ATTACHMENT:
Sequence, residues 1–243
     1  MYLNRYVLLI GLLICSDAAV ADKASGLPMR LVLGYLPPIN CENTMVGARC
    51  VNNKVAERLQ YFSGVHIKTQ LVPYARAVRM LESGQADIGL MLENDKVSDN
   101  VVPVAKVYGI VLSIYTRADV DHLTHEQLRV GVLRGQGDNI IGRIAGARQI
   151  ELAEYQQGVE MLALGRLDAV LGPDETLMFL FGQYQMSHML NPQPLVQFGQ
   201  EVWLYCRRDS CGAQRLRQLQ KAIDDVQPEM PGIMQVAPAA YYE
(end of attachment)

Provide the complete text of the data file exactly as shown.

Sequence, residues 1–243
     1  MYLNRYVLLI GLLICSDAAV ADKASGLPMR LVLGYLPPIN CENTMVGARC
    51  VNNKVAERLQ YFSGVHIKTQ LVPYARAVRM LESGQADIGL MLENDKVSDN
   101  VVPVAKVYGI VLSIYTRADV DHLTHEQLRV GVLRGQGDNI IGRIAGARQI
   151  ELAEYQQGVE MLALGRLDAV LGPDETLMFL FGQYQMSHML NPQPLVQFGQ
   201  EVWLYCRRDS CGAQRLRQLQ KAIDDVQPEM PGIMQVAPAA YYE